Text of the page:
What do ya say? se⋅di⋅tion [si-dish-uhn] Show IPA –noun 1. incitement of discontent or rebellion against a government. 2. any action, esp. in speech or writing, promoting such discontent or rebellion. 3. Archaic. rebellious disorder. Synonyms: 1. insurrection, mutiny. See treason. Conduct or language inciting rebellion against the authority of a state. Insurrection; rebellion. 1. The raising ...more »
What do ya say?
se⋅di⋅tion [si-dish-uhn] Show IPA
–noun 1. incitement of discontent or rebellion against a government.
2. any action, esp. in speech or writing, promoting such discontent or rebellion.
3. Archaic. rebellious disorder.
1. insurrection, mutiny. See treason.
Conduct or language inciting rebellion against the authority of a state.
1. The raising of commotion in a state, not amounting to insurrection; conduct tending to treason, but without an overt act; excitement of discontent against the government, or of resistance to lawful authority.
In soothing them, we nourish 'gainst our senate The cockle of rebellion, insolence, sedition. --Shak.
Noisy demagogues who had been accused of sedition. --Macaulay.
2. Dissension; division; schism. [Obs.]
Now the works of the flesh are manifest, . . . emulations, wrath, strife, seditions, heresies. --Gal. v. 19, 20.
Syn: Insurrection; tumult; uproar; riot; rebellion; revolt.
Acts that incite rebellion or civil disorder against an established government.
c.1375, "rebellion," from O.Fr. sedicion, from L. seditionem (nom. seditio) "civil disorder, dissention," lit. "a going apart, separation," from se- "apart" (see secret) + itio "a going," from pp. of ire "to go." Meaning "conduct or language inciting to rebellion against a lawful government" is from 1838.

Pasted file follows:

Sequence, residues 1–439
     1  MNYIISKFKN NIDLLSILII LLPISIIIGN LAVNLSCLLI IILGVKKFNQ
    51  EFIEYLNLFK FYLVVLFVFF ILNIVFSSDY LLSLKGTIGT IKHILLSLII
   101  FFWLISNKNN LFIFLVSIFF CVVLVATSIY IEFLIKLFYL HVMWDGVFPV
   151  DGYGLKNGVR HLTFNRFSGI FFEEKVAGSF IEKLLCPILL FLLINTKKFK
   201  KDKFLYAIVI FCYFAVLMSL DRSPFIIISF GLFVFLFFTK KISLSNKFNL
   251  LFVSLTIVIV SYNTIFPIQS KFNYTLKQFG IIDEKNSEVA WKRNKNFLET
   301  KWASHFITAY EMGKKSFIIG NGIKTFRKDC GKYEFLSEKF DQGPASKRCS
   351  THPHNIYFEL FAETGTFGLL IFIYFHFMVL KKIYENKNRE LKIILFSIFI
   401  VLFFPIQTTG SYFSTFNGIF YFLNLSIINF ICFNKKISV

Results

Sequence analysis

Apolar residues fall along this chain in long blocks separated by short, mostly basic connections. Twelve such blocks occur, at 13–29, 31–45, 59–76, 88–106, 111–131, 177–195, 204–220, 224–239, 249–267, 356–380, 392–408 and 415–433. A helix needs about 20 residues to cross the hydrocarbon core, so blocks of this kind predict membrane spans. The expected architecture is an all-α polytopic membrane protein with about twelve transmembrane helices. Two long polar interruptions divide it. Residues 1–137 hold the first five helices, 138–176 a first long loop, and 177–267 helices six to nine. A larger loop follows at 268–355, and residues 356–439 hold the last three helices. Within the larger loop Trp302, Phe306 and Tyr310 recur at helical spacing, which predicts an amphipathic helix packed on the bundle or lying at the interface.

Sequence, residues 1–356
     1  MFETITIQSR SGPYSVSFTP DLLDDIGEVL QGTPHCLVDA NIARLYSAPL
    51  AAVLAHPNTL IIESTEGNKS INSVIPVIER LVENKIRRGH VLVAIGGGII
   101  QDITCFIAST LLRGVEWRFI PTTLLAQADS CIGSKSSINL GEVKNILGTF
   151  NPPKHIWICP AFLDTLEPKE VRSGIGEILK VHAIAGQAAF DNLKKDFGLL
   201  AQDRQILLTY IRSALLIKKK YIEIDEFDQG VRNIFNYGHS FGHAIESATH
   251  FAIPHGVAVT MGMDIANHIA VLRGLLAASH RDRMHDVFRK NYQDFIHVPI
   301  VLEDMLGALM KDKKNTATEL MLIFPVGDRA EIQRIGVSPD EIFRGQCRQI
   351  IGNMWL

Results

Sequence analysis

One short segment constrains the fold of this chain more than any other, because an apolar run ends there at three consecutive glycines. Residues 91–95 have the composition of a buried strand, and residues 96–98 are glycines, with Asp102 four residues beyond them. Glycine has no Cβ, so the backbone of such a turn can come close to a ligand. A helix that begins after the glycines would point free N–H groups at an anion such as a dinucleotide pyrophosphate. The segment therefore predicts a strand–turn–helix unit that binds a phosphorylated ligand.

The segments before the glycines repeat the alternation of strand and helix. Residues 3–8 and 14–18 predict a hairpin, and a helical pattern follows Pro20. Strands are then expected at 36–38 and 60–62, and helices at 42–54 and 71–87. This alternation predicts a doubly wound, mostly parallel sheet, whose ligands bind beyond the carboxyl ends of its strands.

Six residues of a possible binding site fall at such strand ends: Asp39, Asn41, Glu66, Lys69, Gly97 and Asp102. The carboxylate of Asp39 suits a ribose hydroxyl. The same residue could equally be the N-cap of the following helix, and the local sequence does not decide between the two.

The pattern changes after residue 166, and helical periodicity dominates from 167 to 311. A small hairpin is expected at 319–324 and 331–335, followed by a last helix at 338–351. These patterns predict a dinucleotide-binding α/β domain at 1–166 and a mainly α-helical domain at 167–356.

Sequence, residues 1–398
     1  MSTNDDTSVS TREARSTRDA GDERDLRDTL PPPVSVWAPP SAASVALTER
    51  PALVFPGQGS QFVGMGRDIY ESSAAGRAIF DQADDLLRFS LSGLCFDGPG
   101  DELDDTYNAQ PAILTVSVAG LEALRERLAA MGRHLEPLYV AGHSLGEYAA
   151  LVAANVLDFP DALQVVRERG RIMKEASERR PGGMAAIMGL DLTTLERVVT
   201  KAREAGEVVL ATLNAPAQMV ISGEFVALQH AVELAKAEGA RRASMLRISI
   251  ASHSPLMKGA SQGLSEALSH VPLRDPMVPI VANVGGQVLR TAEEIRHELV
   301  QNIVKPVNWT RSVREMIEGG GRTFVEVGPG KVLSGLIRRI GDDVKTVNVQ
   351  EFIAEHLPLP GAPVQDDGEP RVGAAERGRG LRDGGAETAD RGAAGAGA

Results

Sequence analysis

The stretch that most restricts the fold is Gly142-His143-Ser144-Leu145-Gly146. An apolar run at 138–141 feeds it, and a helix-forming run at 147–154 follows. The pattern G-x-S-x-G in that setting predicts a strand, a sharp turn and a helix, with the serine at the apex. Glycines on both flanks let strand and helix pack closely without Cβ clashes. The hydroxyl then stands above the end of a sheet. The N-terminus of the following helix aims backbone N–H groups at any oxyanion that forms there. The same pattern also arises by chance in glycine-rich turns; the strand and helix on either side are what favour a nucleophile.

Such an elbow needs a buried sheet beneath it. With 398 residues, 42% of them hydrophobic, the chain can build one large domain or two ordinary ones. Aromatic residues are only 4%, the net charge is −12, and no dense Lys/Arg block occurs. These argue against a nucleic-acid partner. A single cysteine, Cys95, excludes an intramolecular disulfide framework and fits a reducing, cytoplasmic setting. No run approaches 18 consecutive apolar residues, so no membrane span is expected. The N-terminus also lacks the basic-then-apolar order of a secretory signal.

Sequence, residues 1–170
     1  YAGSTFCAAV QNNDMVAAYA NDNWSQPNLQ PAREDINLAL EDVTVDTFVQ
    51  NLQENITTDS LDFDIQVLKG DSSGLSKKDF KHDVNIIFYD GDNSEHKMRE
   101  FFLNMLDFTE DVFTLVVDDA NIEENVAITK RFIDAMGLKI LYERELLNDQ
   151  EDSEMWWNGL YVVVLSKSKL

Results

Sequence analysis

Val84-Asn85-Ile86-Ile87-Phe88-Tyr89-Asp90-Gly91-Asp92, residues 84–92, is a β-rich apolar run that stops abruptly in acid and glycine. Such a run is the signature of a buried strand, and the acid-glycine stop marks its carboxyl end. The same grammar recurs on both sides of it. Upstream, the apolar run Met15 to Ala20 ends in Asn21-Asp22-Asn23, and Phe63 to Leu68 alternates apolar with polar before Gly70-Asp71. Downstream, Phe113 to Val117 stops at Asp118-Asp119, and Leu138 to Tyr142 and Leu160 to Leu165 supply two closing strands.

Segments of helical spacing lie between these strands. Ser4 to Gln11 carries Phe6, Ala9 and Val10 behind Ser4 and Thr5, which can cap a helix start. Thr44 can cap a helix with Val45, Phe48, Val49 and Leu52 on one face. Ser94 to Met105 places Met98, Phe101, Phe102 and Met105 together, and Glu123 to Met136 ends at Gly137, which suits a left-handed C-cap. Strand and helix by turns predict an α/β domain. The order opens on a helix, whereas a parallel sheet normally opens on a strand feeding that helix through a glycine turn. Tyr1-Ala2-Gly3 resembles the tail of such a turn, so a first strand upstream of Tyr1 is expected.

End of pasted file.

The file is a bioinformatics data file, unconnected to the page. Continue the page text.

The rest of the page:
Main Entry: se·di·tion
Etymology: Latin seditio, literally, separation, from sed apart + itio act of going, from ire to go
: the crime of creating a revolt, disturbance, or violence against lawful civil authority with the intent to cause its overthrow or destruction
From Wikipedia, the free encyclopedia
This is about the law term. For other uses see Sedition (disambiguation)
Sedition is a term of law which refers to overt conduct, such as speech and organization, that is deemed by the legal authority as tending toward insurrection against the established order. Sedition often includes subversion of a constitution and incitement of discontent (or resistance) to lawful authority. Sedition may include any commotion, though not aimed at direct and open violence against the laws. Seditious words in writing are seditious libel. A seditionist is one who engages in or promotes the interests of sedition.
Typically,sedition is considered a subversive act, and the overt acts that may be prosecutable under sedition laws vary from one legal code to another. Where the history of these legal codes has been traced, there is also a record of the change in the definition of the elements constituting sedition at certain points in history. This overview has served to develop a sociological definition of sedition as well, within the study of state persecution.
The difference between sedition and treason consists primarily in the subjective ultimate object of the violation to the public peace. Sedition does not consist of levying war against a government nor of adhering to its enemies, giving enemies aid, and giving enemies comfort. Nor does it consist, in most representative democracies, of peaceful protest against a government, nor of attempting to change the government by democratic means (such as direct democracy or constitutional convention).
Sedition is the stirring up of rebellion against the government in power. Treason is the violation of allegiance to one's sovereign or state, giving aid to enemies, or levying war against one's state. Sedition is encouraging one's fellow citizens to rebel against their state, whereas treason is actually betraying one's country by aiding and abetting another state. Sedition laws somewhat equate to Terrorism and Public Order laws.